Overview

Thanks to prudent macroeconomic management, Guatemala has been one of the strongest economic performers in Latin America in recent years, with a GDP growth rate of 3.0 percent since 2012 and 4.1 percent in 2015. In 2016, the country’s economy grew by 2.9 percent, according to the latest estimates, and is expected to grow by 3.2 percent in 2017.

Nevertheless, Guatemala, the biggest economy in Central America, has one of the highest inequality rates in Latin America, with some of the worst poverty, malnutrition and maternal-child mortality rates in the region, especially in rural and indigenous areas.

The World Bank study Poverty Assessment in Guatemala reported that the country reduced its poverty rate from 56 percent to 51 percent between 2000 and 2006. However, official figures indicate that poverty rose to 59.3 percent in 2014. Of all people living in poverty in the country, 52 percent are indigenous

Given Guatemala’s capacity for macroeconomic recovery, the next few years represent an opportunity to reduce poverty through more rapid economic growth. While pro-poor policy reforms could yield marginal improvements, accelerating growth will be crucial to achieving the country’s medium- and long-term social objectives.

Public investment is essential to achieving Guatemala’s development goals, yet it remains constrained by a lack of resources. Additionally, the government collects the lowest share of public revenues in the world relative to the size of its economy.

Boosting growth will depend upon continued reforms to mobilize increased private investment and revenue to fund important pro-growth investments in infrastructure and human capital.

An increasingly important challenge for Guatemala is improving the levels of citizen security. High levels of crime and violence represent staggering economic costs for the country.

Last Updated: Apr 07, 2017

On November 18, 2016, the World Bank Group Executive Board approved the new Country Partnership Framework (CPF) for 2017-2020, whose pillars are fostering inclusion of vulnerable groups and addressing bottlenecks to sustainable growth.

The new CPF has five specific objectives:

  • Increase Access to basic health, nutrition and water and sanitation services
  • Improve public resource management and accountability
  • Enhance the enabling environment and increase access to finance for MSMEs
  • Expand infrastructure
  • Build institutional capacity to manage and adapt to climate change

The World Bank’s current portfolio in Guatemala totals over US$693.8 million, including US$450 million from the International Bank for Reconstruction and Development (IBRD) and US$243.8 million from the International Finance Corporation (IFC) for the development of the private sector.

Through its institutions, the World Bank Group supports such diverse aspects as transparency and efficiency of the tax administration, violence prevention, fight against malnutrition, improved governance, renewable energies, the development of agriculture, industry and services and the financial sector.

Last Updated: Apr 07, 2017

Promoting Competitiveness:

World Bank technical and financial assistance through the Competitiveness Project  was instrumental for strengthening the National Competitiveness Program (PRONACOM) and the operational startup of the INVEST in Guatemala agency, which succeeded in facilitating $944 million in new foreign direct investments, resulting in the creation of 73 new firms and 24,000 new jobs between 2005 and 2008.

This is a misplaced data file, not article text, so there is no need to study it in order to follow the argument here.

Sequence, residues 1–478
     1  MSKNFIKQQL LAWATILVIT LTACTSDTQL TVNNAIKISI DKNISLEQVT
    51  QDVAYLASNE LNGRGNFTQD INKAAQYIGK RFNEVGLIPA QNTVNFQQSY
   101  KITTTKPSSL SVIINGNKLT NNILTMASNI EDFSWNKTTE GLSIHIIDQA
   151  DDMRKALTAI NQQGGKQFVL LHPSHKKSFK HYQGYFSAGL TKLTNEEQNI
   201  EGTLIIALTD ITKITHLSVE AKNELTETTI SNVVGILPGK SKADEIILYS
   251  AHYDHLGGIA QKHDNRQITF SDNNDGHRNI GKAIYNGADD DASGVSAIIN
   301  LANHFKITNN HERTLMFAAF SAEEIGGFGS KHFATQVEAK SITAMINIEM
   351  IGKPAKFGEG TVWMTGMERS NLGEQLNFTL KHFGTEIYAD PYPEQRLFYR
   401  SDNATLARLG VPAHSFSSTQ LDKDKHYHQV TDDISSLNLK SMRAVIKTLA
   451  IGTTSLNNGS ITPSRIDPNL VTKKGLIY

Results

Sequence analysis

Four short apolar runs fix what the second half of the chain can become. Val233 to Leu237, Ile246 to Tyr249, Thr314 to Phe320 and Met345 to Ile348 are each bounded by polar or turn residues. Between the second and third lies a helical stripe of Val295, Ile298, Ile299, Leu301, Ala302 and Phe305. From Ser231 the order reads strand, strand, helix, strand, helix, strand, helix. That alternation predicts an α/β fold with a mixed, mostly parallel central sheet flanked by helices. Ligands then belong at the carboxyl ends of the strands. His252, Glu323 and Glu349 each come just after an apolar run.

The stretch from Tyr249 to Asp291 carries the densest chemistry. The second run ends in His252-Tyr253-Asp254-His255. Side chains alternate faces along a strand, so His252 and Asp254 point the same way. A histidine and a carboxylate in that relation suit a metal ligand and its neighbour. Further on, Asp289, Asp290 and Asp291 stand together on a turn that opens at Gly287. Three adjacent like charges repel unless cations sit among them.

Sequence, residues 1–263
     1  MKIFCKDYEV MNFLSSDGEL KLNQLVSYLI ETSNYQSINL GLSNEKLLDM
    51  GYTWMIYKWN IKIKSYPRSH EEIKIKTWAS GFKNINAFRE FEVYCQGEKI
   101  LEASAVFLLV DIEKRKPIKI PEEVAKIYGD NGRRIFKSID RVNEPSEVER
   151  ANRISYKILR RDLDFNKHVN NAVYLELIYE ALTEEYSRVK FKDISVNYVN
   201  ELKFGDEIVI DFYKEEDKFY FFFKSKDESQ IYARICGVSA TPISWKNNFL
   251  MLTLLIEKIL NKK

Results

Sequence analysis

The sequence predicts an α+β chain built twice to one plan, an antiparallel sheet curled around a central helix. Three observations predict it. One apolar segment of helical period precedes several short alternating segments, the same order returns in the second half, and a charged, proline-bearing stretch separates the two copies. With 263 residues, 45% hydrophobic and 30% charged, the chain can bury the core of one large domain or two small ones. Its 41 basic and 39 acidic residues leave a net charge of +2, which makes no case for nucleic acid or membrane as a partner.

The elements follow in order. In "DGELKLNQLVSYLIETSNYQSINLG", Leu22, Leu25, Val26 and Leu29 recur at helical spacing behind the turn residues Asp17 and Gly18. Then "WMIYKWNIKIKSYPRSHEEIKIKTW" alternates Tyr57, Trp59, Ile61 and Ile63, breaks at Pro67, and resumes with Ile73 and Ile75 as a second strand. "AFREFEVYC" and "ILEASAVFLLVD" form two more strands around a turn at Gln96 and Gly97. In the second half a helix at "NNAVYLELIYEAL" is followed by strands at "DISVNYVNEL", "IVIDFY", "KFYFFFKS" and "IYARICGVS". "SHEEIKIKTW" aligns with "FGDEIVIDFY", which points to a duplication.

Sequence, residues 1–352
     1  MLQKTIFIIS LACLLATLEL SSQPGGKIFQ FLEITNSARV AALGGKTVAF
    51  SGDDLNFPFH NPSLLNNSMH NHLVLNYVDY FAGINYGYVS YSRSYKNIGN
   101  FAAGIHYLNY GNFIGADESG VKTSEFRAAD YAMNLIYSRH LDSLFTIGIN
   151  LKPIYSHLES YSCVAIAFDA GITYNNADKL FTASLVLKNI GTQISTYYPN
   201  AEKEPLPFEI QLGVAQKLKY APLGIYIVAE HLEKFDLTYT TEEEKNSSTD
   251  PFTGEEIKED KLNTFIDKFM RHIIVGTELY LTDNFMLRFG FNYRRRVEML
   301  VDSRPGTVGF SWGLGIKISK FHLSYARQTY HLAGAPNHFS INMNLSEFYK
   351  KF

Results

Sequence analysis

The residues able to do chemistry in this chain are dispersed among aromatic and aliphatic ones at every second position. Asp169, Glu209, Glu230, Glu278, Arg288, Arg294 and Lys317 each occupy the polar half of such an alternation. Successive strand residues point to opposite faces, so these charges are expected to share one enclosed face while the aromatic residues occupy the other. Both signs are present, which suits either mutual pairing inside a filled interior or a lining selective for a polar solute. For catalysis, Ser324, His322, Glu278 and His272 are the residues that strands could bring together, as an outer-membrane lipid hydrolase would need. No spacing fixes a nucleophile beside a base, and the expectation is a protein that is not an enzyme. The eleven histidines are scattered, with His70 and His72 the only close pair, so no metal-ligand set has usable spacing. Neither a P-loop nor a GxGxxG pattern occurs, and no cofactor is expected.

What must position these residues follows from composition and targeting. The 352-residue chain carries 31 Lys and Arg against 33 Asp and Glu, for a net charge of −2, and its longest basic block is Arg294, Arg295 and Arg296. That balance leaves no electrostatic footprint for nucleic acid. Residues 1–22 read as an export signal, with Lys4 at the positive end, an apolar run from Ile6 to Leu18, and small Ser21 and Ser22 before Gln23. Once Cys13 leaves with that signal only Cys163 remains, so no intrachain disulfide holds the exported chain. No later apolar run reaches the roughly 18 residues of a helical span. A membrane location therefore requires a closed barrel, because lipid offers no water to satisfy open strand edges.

The Project to Support a Rural Economic Development Plan improved the competitiveness of rural value chains with strong indigenous participation and strengthened the institutional capacity of public entities through the adoption of a land management model. Results of this project include the creation of 200 new value chain associations; an increase of US$20.3 million in these associations’ total sales, and support for the development of 324 municipal development plans.

The study Toward Better Public Spending: a Review of Public Spending in Guatemala analyzed the quality of Guatemala’s public expenditures in education, health and citizen security, as well as other sectors. The study found that targeting of social spending can be improved given that public education and health expenditures do not benefit regions with the greatest need. The review also identified a need to boost resources to improve citizen security, especially for preventive programs; police forces; as well as improved capabilities of the public prosecutor’s office, penitentiary and rehabilitation systems.

Promoting Social Development:

The Maternal-Infant Health and Nutrition project helped to provide access to basic health and nutrition services for over one million people through the building or renovation of 35 health centers for maternal and child care, training of more than 5,000 health workers and support to the preventive nutrition program Comprehensive Community Care of Children and Women (AINM-C) in 142 jurisdictions, among other activities. The maternal mortality rate declined by more than 50 percent between 2006 and 2012 in the intervention areas, while the percentage of pregnant women who received prenatal care increased from 54 percent in 2006 to 89 percent in 2012.

Through the Project to Strengthen the Resilience of the Maya and Rural Residents Facing Food Insecurity and Climate Change in Guatemala’s Arid Corridor,  the World Bank is helping the population to confront climate change though ecologically-sensitive, lower-cost production systems, which increase productivity levels and contribute to food security. Project beneficiaries include 1,600 families living in the departments of Baja Verapaz, El Progreso and Jalapa.

Last Updated: Apr 07, 2017


LENDING

Guatemala: Commitments by Fiscal Year (in millions of dollars)*

*Amounts include IBRD and IDA commitments